Bryan Slams VIGL Over St. Croix Racetrack Delays: Start Building or "Get Off Our Property"

Accusations fly over deceptive practices and breached agreements in stalled racetrack development

  • Janeka Simon
  • February 06, 2024

“Pure fantasy and fiction.” That was Governor Albert Bryan Jr. describing a recent press release issued by VIGL, the developer responsible for getting the Randall “Doc” James racetrack on St. Croix up and running.

The statement blames the lengthy construction delays on a $5 million settlement that VIGL was reached with the government “as partial reimbursement for VIGL’s private capital expenditures put into the St. Thomas racetrack since 2016.” It referenced a 2022 piece of legislation providing the funds to support the construction of the track, however VIGL did not inform readers that the money is supposed to be tied to a set of milestones agreed to by the company. 

As such, the VIGL press release, according to Governor Bryan, is misleading. “It’s not based in any truth,” the governor insisted at the beginning of a scathing rebuke of the company and its alleged secretive plans.

“They want to build a casino for gaming and not build a structure for horse racing, and get paid up front,” Governor Bryan alleged, saying that the company tried to make an end-run around a contract negotiated in good faith by the government by going to the Legislature and asking for an appropriation.

“Out of the goodness of my heart, I said…we want to see the track get done, we’ll give you $5 million towards the structure there, just to see if they would get going,” Governor Bryan said in response to a reporter’s question. “What they think this is, is a grant,” he continued.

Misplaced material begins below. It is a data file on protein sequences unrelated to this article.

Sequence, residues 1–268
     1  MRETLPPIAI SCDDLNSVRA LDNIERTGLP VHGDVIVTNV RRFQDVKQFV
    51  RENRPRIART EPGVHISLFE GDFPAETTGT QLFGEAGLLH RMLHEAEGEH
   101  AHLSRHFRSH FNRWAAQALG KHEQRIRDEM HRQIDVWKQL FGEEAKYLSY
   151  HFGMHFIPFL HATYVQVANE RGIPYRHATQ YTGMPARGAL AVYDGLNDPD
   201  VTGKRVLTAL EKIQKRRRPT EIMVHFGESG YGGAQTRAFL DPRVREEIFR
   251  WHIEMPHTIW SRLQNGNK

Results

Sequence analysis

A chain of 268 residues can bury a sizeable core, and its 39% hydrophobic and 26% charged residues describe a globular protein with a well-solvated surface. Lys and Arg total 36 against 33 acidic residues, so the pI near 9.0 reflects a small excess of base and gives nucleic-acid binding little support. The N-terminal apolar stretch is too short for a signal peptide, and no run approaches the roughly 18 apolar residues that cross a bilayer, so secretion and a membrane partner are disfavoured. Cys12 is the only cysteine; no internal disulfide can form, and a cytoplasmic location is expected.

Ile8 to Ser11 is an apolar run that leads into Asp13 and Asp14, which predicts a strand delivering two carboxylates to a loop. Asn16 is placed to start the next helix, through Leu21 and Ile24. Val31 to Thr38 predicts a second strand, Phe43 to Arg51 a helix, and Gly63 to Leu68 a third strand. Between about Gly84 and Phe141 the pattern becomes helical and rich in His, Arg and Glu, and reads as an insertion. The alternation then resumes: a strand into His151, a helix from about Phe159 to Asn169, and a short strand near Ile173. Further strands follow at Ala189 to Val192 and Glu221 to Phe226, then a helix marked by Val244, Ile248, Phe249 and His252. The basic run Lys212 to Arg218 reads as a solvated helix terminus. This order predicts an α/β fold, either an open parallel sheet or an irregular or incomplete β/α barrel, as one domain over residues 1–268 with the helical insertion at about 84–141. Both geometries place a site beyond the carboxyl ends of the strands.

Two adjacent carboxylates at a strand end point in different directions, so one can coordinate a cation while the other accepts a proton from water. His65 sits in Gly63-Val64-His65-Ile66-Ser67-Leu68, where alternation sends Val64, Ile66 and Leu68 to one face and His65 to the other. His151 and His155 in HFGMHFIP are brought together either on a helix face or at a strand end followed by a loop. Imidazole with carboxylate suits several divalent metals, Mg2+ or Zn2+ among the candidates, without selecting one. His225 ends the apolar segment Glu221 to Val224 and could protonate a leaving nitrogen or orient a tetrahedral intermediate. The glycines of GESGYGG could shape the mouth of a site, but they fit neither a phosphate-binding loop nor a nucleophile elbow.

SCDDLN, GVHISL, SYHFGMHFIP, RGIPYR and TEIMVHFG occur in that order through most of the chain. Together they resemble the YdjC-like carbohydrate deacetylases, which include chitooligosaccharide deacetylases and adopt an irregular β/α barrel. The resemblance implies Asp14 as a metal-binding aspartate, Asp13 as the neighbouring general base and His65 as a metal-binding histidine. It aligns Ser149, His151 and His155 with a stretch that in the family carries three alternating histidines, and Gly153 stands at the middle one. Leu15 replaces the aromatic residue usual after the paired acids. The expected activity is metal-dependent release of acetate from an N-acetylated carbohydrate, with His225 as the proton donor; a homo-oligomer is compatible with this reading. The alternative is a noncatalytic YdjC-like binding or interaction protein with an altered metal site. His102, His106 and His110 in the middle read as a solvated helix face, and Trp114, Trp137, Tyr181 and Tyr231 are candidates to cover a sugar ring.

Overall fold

“That’s not the terms of the contract,” Mr. Bryan insisted, saying that he was infuriated when he read VIGL’s latest statement. “We’ve given them every chance,” he said, telling listeners at this point, he just wants the company to abandon the contract. “Just give it up, we won’t charge you a dime…because the odds of them getting this built  is nil to none.”

The governor explained his reasoning by disclosing that Divi Carina Bay “has a two-year contract” for exclusive casino operations, and thus VIGL would have to find money to “buy out Divi”, as well as meet the cost of actually building the racetrack. 

Vowing that the government would never offer $5 million for a casino to be built now and a track at some undetermined time in the future, Mr. Bryan declared that he had contemplated having the government breach the contract with VIGL itself, but had not done so because “I thought we had a good faith agreement with them, number one, and number two, I don’t want to spend 20 years in court, I want to watch some horse racing in St. Croix.”

Calling out VIGL’s CFO and managing partner by name, Governor Bryan said that trust was at a low ebb. “I’m really irritated now with Andrew, Mr. Dubuque, because, you know, he talks out the two sides of his mouth. And he’s always trying to …pull a fast one.”

The territory's leader demanded that real work begin immediately on getting the racetrack project in a semblance of order. “Whatever it is they’re doing there with that tractor, moving it around on the track, is not what’s happening. You need to get to business or give up the contract,” Mr. Bryan admonished, refraining from using a crude metaphor. 

Noting that the territory had enough funding to complete the racetrack project on its own, the governor delivered a stern ultimatum. “Either they’re gonna get to building or get off our property.”

VIGL is currently scheduled to go before the VI Casino Control Commission on February 21 as the body considers whether their existing casino license should be approved, and a new license for a racino authorized.

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